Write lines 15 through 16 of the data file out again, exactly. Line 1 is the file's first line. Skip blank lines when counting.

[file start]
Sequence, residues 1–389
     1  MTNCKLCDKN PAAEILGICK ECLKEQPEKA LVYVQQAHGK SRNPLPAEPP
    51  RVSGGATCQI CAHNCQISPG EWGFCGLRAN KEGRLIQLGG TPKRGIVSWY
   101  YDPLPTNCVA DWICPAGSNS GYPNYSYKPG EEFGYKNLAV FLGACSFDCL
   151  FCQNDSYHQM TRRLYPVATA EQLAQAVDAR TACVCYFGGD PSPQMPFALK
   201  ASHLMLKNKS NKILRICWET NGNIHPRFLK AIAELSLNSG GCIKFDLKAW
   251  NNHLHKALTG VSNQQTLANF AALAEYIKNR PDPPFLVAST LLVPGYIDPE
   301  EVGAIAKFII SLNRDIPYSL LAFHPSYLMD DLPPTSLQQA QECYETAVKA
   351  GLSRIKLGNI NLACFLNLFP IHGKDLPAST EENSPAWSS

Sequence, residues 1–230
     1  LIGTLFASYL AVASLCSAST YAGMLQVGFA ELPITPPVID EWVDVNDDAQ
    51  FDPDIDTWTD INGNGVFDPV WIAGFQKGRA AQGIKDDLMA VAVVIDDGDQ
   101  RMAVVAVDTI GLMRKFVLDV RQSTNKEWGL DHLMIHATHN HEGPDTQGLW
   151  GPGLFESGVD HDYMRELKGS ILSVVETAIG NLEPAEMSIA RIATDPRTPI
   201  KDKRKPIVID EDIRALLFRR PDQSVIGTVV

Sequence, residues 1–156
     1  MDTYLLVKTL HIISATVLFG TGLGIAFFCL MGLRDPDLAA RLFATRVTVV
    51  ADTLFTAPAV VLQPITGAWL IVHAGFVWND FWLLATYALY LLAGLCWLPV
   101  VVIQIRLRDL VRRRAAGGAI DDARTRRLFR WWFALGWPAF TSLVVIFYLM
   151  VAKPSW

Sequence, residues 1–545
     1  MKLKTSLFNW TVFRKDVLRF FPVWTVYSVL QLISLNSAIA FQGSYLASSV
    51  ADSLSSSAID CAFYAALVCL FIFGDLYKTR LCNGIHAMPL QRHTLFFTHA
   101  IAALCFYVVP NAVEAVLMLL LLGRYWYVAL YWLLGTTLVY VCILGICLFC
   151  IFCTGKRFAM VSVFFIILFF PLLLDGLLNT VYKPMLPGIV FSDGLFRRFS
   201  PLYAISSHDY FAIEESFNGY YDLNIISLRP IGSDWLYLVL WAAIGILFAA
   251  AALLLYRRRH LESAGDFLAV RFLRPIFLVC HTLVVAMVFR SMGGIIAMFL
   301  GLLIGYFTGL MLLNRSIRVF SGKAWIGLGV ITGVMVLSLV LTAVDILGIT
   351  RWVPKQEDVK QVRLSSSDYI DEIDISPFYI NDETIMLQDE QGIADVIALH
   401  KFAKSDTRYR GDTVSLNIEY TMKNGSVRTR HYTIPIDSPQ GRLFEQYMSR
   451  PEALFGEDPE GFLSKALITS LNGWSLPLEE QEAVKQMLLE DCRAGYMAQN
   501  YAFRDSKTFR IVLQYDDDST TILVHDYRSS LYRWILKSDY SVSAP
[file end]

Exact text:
   201  KDKRKPIVID EDIRALLFRR PDQSVIGTVV

Sequence, residues 1–156